Welcome to the NHL... I mean... house league hockey


We are officially 'hockey parents', and I can't say that we are entirely thrilled about it. Growing up, I played ringette and hockey, so I always envisioned my children would want to play, too. Soren has a lukewarm interest in the sport, although to be fair he kind of has a lukewarn interest in most new activities. It takes him a while to get used to new things.

House league hockey - or Timbit hockey - starts at aged 5 for kids. The first year is a two year age split, so all the kids are either 5 (or turning 5), or 6. One might think that they would all start off as beginners... but no, there are pre-season camps, power-skating clinics, and 3x3 summer leagues to prepare them. Which is great, if your child LOVES the sport, and wants to spend all his or her time on the ice. For us, we figured we would sign Soren up for house league, he would be placed on a team, and the season would start. I assumed some kids would be better than others, but that a large majority would be pretty novice.

We had some unfortunate luck which resulted in us missing the first four on-ice try-outs for his age group. It's not exactly try-outs, but rather 6 pre-season sessions designed to get the kids used to skating, after which they will form teams. To accommodate for missing these sessions (which happened because we were out of catchment - and had inadvertently signed up for the wrong club), I registered Soren for a 'power-skating clinic' at a local private rink. The woman I spoke with assured me it was for beginners... but it was not at all. Poor Soren stepped out onto the ice all geared up, and the coaches told everyone to skate a few laps as a warmup. A few laps?! The poor dude can barely stand... it would likely take him 10 minutes to do a lap. As he fell down - over and over again - the other kids whizzed past him and tried to encourage him. It was a disaster. He was in tears for most of the hour, but the other kids, coaches, and parents were all really nice and positive. Afterwards he was drenched in sweat and told me he hates hockey:(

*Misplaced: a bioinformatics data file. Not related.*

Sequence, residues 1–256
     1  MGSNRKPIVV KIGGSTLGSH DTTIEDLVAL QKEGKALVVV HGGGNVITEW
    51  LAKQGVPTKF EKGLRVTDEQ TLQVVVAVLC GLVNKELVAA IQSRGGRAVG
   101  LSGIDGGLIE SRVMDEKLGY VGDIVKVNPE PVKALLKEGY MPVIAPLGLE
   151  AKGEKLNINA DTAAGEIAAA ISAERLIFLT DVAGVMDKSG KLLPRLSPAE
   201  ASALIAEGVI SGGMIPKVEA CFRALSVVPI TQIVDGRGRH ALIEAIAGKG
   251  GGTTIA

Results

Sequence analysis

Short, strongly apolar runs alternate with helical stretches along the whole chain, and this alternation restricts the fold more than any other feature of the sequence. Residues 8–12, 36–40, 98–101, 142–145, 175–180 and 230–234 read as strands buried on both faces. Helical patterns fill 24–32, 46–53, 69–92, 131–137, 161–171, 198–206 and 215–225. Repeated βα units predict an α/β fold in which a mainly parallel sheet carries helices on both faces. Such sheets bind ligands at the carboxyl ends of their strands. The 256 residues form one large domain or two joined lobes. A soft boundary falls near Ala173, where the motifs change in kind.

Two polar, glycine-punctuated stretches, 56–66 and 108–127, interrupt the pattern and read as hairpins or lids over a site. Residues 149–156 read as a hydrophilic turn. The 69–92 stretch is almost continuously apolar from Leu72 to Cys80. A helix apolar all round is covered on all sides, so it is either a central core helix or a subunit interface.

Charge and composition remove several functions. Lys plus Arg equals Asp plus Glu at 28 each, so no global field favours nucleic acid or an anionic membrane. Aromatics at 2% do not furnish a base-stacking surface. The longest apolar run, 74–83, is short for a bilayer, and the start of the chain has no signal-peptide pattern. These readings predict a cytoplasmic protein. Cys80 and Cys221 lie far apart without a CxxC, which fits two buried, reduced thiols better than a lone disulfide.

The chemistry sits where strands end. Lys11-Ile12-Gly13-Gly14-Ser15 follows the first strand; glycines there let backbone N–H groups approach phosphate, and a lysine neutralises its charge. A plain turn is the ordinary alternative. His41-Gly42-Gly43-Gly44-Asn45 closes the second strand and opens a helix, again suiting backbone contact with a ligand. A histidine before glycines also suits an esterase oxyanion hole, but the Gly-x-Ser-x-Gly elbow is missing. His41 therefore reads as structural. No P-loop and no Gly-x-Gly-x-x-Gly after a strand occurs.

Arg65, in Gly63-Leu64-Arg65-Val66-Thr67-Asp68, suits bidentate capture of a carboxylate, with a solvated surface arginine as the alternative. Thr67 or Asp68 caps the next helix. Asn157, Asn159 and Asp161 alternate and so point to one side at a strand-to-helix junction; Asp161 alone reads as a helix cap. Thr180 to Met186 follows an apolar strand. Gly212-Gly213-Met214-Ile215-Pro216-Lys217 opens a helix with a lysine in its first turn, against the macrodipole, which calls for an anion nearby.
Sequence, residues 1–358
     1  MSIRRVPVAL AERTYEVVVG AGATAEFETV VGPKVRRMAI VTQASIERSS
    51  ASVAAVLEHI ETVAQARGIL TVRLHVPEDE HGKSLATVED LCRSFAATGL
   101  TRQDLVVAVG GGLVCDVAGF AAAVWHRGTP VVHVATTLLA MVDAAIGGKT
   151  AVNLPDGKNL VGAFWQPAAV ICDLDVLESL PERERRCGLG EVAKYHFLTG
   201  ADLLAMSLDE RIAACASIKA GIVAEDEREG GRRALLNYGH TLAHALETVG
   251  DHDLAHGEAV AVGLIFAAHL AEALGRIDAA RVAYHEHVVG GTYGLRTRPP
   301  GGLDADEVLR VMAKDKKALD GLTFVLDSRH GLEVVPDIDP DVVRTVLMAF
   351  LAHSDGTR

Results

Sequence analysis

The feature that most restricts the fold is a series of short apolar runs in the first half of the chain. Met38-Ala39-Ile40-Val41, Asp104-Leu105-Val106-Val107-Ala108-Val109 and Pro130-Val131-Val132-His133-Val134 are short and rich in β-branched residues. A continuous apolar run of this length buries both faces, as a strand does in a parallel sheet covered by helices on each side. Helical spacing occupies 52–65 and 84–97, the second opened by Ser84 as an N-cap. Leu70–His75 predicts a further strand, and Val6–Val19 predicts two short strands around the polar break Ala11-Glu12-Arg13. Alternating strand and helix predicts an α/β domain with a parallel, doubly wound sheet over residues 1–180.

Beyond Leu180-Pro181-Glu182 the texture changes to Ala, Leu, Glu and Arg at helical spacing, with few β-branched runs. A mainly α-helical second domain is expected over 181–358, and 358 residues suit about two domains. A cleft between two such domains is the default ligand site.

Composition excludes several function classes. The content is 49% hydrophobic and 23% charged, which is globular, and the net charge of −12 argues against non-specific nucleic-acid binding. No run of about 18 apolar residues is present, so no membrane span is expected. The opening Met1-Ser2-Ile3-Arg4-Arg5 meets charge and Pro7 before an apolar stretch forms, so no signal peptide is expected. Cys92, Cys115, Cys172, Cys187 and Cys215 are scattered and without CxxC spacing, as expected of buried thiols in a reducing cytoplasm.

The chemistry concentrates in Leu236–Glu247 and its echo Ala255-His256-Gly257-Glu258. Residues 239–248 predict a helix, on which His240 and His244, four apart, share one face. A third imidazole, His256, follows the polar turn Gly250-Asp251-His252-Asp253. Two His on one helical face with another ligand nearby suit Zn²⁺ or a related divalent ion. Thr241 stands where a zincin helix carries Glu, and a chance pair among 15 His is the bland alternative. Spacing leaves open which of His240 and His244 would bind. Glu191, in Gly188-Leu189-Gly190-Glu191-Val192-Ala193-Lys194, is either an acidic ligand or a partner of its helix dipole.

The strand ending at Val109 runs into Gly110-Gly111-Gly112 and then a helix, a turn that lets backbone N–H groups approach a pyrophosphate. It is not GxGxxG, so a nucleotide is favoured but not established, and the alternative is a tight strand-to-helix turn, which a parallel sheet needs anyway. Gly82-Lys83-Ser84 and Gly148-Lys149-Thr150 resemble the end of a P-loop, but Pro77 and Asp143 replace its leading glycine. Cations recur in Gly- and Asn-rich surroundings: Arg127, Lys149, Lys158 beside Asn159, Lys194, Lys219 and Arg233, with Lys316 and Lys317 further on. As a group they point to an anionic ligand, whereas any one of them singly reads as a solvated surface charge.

So... once we finally were registered at the right club, we got an email with his ice-times for this weekend. The saturday practice was randomly cancelled due to a power outage, so today was his only on-ice session. It started off poorly - with him crying BEFORE going on the ice. Out they went - all 40ish kids, and started in on drills. The tears continued. This time, he was much more evenly matched... many kids were falling and struggling to hold their sticks. But as we watched from the stands, we could see him wailing with frustration. He would glance over and see us, and give us a thumbs down sign. Like seriously? This is supposed to be FUN. a GAME. As the 'Parents in Sport' online training course I had to take (yep, that's right), told me.

Just as we were totally questioning our sanity... are we torturing our kid? Do we take him off? Quit? Hire a private coach? - A whistle blew. The coaches split the kids up into teams, and they started scrimmaging. aka - playing hockey. The thing they signed up for. And... Soren was great! His posture improved, he followed the play well, skated to the puck, and gave it a few good whacks. We were not sure if we saw a smile, but there were definitely no tears. Slowly, we sighed a sigh of relief.

In the dressing room, Soren confidently took off his equipment as he told us he likes hockey, he just doesn't like those skating drills. I know they are super important, and essential, but I also know that pretty much every kid prefers playing to doing drills. It's too bad that we had to suffer through so much anxiety before he got to experience playing the game, which I think he will like. He's a smart kid, and already seems to 'get' a lot of the plays. Once his skating improves, I'm betting we have a hockey fan in our house.

I wonder though... is it all necessary? Next year, will we have to 'join the troops' and sign him for summer camps and pre-season skating clinics? If he wants to, great. But if not, I would hope that we could just show up to hockey. Meet the coach, get to know the players, and then slowly start back into the season. But on the other hand, I don't want to set him up for failure by not properly preparing him.  He's hopeful that this season will be fun, and that's really all I could hope for, too.

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